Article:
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  1. https://atariage.com/forums/topic/93939-the-definitive-list-of-all-simultaneous-multiplayer-games/?do=findComment&comment=3097638
  2. I would bet that a loose 2600 whether it is Telegames branded or not would be worth roughly the same amount. The kind of person who would care about that sort of thing is looking to own all variants, with all the cardboard and inserts. If you don’t have all that stuff, just hack up the Telegames unit.
  3. The ANTIC chip in the 400/800/5200 supports 4 players/4 missiles. The limitations were mainly due to the cost of RAM. RAM is cheap, and since your system would have 512K, why wouldn’t it be wiser to dedicate some of that RAM to video?
  4. The 8-bit guy is working on his dream computer. http://www.the8bitguy.com/2576/what-is-my-dream-computer/ http://www.the8bitguy.com/3543/my-dream-computer-part-2/ His goals were to make a computer for under $50 (the first version will likely be $300 and eventually get down to ~$100 range.) The computer would be made with availability off the shelf parts. The computer should come with some form of basic, and be “close to the metal,” supporting PEEK/POKE commands (I.e. he didn’t want a RaspberryPi Linux box)
  5. Why are the Robot Tanks advancing on Santa Clara? (AI singularity?) Why are you commanding your own RT? (Did humans reprogram the AI?) Are the Robot Tanks the rebels? Or are there humans that have joined the RT to take over the government? so many unanswered questions.
  6. Not exactly, not just PONG and the various iterations (4-player, etc). It was designed to play Tank and Jet Fighter (Combat essentially) as well as a handful of other yet undesigned games. PONG wouldn’t require any missile graphics, and you could argue that instead of a completely customizable 8-bit player graphic, the paddles could be displayed by less configurable missle graphic 1x, 2x, 4x. You need the player and missile graphics to make Tank/Jet Fighter. http://www.atarimuseum.com/videogames/consoles/2600/atari_case_history.html
  7. The article appears to be written by someone criticizing media they have never played/watched. No, the trophy girl isn’t a prize, she is presenting the prize. This has been a common element of racing that goes back for years. https://www.foxsports.com/nascar/gallery/richard-petty-dale-jarrett-the-kiss-fs1-nascar-race-hub-trophy-girls-victory-lane-092815 No, Lady Lisa isn’t a prize in the movie Pixels, Q*bert is. Lady Lisa actually dies and Q*bert changes its likeness to that of Lady Lisa.
  8. Art imitating life. Although I agree with Douglas Adams, the universe doesn’t have any art, because there isn’t a mirror big enough. I can hardly understand the point of a 2600 tip line. Which games would actually require a tip line? (I can sort of understand Raiders of the Lost Ark (not a PB game)) https://atariage.com/catalog_overview.php?CatalogID=15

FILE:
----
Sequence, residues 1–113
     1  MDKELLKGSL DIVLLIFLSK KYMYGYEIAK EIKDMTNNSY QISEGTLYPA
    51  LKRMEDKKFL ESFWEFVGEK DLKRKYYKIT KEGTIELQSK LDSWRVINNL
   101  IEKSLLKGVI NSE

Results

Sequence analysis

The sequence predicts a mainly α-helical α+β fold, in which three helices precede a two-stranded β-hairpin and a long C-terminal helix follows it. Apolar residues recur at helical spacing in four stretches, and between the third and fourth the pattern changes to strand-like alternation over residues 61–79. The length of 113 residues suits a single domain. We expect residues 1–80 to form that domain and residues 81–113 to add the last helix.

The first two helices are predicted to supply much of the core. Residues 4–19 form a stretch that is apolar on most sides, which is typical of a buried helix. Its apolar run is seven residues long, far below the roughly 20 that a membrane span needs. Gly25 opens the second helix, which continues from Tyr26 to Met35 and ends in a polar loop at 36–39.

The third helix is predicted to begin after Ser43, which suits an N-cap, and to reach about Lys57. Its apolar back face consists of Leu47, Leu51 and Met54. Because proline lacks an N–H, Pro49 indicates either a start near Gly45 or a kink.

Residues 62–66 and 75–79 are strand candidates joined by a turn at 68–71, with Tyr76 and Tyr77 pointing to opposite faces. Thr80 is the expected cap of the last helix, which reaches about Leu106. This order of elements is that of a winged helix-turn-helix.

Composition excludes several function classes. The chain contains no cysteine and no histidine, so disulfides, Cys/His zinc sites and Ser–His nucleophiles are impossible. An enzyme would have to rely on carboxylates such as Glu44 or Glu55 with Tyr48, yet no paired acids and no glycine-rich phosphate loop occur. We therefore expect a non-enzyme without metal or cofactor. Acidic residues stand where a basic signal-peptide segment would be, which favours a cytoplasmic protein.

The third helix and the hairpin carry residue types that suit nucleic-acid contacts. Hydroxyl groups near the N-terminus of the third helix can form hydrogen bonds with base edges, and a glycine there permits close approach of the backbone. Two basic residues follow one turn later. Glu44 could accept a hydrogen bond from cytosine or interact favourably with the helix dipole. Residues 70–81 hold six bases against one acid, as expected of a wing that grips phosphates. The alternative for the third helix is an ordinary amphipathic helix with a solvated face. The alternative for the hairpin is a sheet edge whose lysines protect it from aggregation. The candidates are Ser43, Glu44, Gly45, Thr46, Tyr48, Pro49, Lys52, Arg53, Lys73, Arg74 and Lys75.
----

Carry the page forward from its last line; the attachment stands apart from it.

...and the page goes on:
9. Andrew Davie is correct. The HTTP protocol doesn’t encrypt the traffic between your browser and the web server., HTTPS does. It is vitally important that any website you enter PINs, credit card #s, Social Security #, usernames/passwords, etc. uses HTTPS (most browsers will show a padlock in the URL address bar), but when browsing a website or playing an Atari game, it isn’t vitally important that the traffic is encrypted.
  10. Likely between $50-$140. https://www.pricecharting.com/game/atari-2600/atari-2600-system There are at least 4 different versions of the 2600. The highly sought after Heavy Sixer, manufactured in Sunnyvale is worth the most. There is a similar Light Sixer (six front switches), the Four Switch version, the Darth Vader (all black), and Atari Jr. Boxes and instructions will increase the value.
  11. Game cartridges that were mass produced use masked ROM. These cartridges will last forever, or until the copper contacts at the bottom of the cart are oxidized/ corroded and make it unreadable. EEPROM, that is used for prototype cartridges, that can be reprogrammed have a life-span of 10-22 years before they might start leaking from the floating gates to the memory cells (if they are reflashed, the timeline is restarted) https://en.m.wikipedia.org/wiki/Read-only_memory
  12. Anything after Jan 1, 1968 is 70+ years. https://www.copyright.gov/help/faq/faq-duration.html Adventure would enter public domain sometime after 2040. (Not sure if this qualifies as a work for hire (95 years, 2065)
  13. I believe that the Arcade AI has the Egg/Pickle always take a branching ledge/ladder at the next intersection. They only change direction when the cook is on the opposite side of them or the hit the side of the maze. For example if the Egg was moving right/up, they would not go to the Cookbook just behind the ladder, but would head up/right. The Hotdog always make sure a beeline to the Cook. Egg || Cook ====++==== ||
  14. I haven’t hit 7 digits in HSC, but I believe that this game is non-random. (I.e. if you find a pattern for a rack and complete that pattern, the fireballs always come in the exact same places) back in in the day I believe I had patterns down for the all the racks before the double color racks (or maybe half, because of the skip rack). I wonder if I should try restarting each level to determine what the patterns are. This should be much easier with an emulator. (I did a similar thing with Grand Prix, disabling hit detection, but wasn’t able to replicate it in real life even after knowing which lane my car had to be)
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